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Re: How to Upgrade From a Smaller SSD to a Larger One

PostThu Jun 18, 2020 9:32 am

Thanks for that, Ed! A timely tidbit as I'm getting a little paranoid about my now-six-year-old Windows one gig boot ssd drive and have decided to go the clone root to a 2 gig replacement - ordered. I suspect you've been around the block a few times with this type of operation and I'm curious about which of the several cloning/backup utilities you've used and recommend.

Rgds,

Greg Palmer
Last edited by Greggiep52 on Thu Jun 18, 2020 5:17 pm, edited 1 time in total.
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Re: How to Upgrade From a Smaller SSD to a Larger One

PostThu Jun 18, 2020 12:22 pm

Hello Greg,

Most SSD manufacturers offers a cloning software (free). So if you are installing a new Samsung SSD drive, you can download a cloning software who will allow the cloning of the old disk to the new Samsung drive (some other manufacturers are also offering similar software).

Ex: For Samsung - https://www.samsung.com/semiconductor/minisite/ssd/download/tools/

Hope this helps
Best regards
François

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Re: How to Upgrade From a Smaller SSD to a Larger One

PostThu Jun 18, 2020 12:31 pm

My choice is Acronis True Image which is provided with Samsung drives, and this cloning software provided only works with Samsung products. So if you want to do cloning with other drives, you'll have to buy the full version. The trial version from Acronis excludes the cloning feature.

Rgds,
Ed
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Re: How to Upgrade From a Smaller SSD to a Larger One

PostThu Jun 18, 2020 1:00 pm

I've been using Carbon Copy Cloner for years on my Macs. Works flawlessly. Simple, straightforward, and not expensive. Versions are also available (I think) for Windows. Creates a clean bootable clone, and will clone non-boot drives as well.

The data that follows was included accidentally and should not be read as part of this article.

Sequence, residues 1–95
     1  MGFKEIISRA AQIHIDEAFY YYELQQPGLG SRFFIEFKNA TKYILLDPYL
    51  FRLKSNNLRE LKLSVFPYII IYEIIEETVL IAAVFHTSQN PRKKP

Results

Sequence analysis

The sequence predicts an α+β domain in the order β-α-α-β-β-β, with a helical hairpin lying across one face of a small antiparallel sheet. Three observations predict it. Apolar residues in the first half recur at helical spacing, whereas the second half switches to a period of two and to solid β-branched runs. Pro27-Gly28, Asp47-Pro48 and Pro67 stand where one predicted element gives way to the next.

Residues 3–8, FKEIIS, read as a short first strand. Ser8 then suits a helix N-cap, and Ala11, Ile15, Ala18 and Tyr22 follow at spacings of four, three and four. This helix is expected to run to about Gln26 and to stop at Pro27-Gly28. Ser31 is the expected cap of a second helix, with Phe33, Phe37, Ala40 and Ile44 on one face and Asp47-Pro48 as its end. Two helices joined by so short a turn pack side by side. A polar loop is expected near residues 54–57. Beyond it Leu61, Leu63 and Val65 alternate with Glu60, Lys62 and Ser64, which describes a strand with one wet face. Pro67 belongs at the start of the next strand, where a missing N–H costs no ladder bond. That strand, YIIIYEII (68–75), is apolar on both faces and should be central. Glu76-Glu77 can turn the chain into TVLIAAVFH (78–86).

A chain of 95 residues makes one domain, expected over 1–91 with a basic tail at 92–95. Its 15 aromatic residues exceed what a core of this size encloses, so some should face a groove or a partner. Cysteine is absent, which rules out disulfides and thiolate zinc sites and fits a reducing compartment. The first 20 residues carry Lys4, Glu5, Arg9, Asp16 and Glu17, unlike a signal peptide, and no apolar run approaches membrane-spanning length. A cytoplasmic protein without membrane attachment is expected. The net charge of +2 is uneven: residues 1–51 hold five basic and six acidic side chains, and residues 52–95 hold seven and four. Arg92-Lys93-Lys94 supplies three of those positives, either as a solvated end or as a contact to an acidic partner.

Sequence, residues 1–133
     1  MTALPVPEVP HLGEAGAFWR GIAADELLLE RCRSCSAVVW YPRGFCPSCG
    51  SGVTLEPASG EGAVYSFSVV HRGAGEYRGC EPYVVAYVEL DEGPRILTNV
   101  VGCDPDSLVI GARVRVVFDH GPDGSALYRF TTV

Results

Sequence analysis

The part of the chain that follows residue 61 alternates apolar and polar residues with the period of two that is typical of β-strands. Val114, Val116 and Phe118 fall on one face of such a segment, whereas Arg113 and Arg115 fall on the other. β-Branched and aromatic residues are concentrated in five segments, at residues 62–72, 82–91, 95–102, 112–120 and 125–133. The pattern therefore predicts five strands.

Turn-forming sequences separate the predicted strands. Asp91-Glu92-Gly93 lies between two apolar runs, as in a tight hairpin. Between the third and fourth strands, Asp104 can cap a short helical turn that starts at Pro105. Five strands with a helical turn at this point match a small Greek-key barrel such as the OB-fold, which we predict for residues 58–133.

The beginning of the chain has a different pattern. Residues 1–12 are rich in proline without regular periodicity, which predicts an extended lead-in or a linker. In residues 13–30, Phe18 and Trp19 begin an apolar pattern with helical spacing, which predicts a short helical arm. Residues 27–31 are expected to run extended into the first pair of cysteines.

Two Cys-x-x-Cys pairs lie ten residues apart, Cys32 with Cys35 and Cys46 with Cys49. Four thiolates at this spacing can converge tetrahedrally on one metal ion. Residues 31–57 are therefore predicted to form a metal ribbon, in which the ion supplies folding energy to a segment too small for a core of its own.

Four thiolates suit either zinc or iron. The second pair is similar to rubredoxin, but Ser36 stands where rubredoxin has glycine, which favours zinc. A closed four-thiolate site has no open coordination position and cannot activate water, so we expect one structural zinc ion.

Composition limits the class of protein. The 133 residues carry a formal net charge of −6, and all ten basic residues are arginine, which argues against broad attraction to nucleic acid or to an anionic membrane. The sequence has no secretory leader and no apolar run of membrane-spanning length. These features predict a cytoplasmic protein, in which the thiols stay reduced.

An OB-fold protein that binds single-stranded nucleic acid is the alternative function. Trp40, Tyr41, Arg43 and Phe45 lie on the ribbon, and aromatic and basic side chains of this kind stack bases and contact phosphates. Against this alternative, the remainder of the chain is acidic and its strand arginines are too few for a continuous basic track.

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Re: How to Upgrade From a Smaller SSD to a Larger One

PostThu Jun 18, 2020 4:59 pm

Grant_Youngman wrote:I've been using Carbon Copy Cloner for years on my Macs. Works flawlessly. Simple, straightforward, and not expensive. Versions are also available (I think) for Windows. Creates a clean bootable clone, and will clone non-boot drives as well.

I'll second your praise of Carbon Copy Cloner on the Mac. Works great and very powerful. Additionally, I also use Time Machine. There is absolutely nothing better if going from an old Mac to a new one to bring all data over. It also backs up files multiple times per hour for any changes (local snapshots), hourly backups for 24 hours, daily backups for the past month, and weekly backups for all previous months until the assigned backup drive runs out of space, then it deletes the oldest backups to make room for the new ones. I have months and months of backups for files I've deleted or modified. And, best of all, Time Machine is doing this wirelessly for my laptop.
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Re: How to Upgrade From a Smaller SSD to a Larger One

PostThu Jun 18, 2020 5:03 pm

Thank you, everyone! I appreciate the feedback and hope that by Saturday morning, I'll be past this little upgrade. Again, I probably wouldn't perform this except for my fears of aging SSD components.

Rgds,

Greg
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Re: How to Upgrade From a Smaller SSD to a Larger One

PostSun Jun 21, 2020 6:47 pm

Just a followup - the upgrade was successful. I ran into a couple of bad planning moments upon receipt of the new disk on Saturday morning. I had completely forgotten that the to-be-replaced system volume was physically a pair of 500 gig ADATA SSDs in Raid 0 configuration. I spent entirely too much time researching whether this cloning would be a problem and finally came to the conclusion that everything would be a straight shot - and it was.

Again, thanks for the feedback!

Rgds,

Greg